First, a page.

12. Spinmamma says:

    Our Parish had 5 services for Ash Wed, one of which was not a full Mass. I attended the fourth,which was a full Mass, and it was packed. The Priest emphasized that the ashes on our foreheads remind us of our mortality (go to confession) and are a symbol of repentance and humility before our God. He stressed the themes of repentance and integrity. Repentance, in addition to feeling sorry for our sins, requires a desire and action to make reparation. Integrity (using the example of those who display their alms giving and prayer publicly as a show to the world as those without integrity) he used in the sense that our goal is to conform our outward selves to our true inner selves. God wishes to encounter us as we are, not as we try to appear to others. Prayer, confession, penance and changing our lives to conform to Christ is the purpose of Lent.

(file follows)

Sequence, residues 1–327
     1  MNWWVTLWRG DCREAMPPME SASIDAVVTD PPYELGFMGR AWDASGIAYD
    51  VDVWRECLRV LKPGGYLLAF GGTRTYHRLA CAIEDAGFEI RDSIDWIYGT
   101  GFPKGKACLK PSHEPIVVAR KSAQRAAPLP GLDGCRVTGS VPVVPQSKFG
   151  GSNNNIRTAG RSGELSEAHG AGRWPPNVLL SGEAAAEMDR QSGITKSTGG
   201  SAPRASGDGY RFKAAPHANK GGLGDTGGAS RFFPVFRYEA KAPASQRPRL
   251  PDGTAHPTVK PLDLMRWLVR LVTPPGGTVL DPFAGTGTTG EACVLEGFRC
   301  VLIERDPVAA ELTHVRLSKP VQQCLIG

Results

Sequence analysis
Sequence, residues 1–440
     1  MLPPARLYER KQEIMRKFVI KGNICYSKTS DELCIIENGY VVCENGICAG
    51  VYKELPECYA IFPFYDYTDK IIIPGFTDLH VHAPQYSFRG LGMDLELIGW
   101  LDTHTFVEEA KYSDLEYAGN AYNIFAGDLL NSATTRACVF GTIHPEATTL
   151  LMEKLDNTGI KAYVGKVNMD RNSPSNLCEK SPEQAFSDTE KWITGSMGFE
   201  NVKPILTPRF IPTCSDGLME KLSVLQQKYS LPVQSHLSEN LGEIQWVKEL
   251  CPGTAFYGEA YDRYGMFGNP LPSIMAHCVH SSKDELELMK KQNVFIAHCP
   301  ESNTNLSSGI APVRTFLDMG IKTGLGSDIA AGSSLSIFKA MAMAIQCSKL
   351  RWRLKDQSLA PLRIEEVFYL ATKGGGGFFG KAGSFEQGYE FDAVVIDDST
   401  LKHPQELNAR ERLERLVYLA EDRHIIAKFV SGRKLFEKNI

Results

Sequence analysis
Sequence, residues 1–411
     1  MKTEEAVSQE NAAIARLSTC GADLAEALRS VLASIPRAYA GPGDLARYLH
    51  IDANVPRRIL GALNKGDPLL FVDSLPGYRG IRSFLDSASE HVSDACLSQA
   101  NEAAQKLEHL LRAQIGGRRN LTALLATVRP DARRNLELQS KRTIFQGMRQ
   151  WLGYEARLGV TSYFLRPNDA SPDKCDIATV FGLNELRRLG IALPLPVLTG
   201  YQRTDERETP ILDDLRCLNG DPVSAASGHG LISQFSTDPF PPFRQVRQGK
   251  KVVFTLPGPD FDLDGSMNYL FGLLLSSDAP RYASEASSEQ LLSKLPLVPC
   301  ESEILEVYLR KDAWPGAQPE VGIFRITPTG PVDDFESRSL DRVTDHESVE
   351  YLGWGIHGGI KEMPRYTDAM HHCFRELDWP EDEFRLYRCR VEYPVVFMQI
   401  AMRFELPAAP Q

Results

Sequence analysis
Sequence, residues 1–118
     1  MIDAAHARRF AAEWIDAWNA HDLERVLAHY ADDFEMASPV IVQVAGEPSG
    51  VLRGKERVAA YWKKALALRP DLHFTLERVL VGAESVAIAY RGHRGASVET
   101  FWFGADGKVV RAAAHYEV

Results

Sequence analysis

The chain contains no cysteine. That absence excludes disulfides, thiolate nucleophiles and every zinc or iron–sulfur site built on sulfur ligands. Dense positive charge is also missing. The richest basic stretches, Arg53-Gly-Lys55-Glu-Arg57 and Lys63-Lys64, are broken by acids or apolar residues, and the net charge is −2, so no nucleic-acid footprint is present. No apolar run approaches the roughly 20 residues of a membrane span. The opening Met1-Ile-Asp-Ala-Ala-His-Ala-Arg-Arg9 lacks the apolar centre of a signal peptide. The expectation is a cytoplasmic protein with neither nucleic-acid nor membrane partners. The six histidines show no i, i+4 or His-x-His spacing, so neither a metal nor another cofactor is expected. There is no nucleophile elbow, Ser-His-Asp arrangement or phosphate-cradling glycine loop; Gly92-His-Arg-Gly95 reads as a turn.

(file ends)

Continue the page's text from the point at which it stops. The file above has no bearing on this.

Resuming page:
13. Imrahil says:

    The homily I heard at a packed […] Mass […] was worthy of an award for saying what ought to be said.

    I can quite second that for the one I myself heard. Let’s see whether I can get the main points across.

    Our preacher began like, pardon the strange question, but just for interest’s sake, should we give thanks for fasting? One might think no; it may appear to some rather enough of a burden that they do fast, rather than being thankful for it on top of it. It may come as a surprise, but “if you look into your missals” (note that after first assuming that we do fast, he second assumed we do have missals – I like that), you can look up the special preface, the grand praise before the canon, which we will from now on be hearing until Passion Sunday: “truly it is worthy and just, proper and wholesome to always and everywhere give thanks to Thee, eternal Father, holy Lord, almighty God, for through the fasting of the body thou holdest down sin”, etc.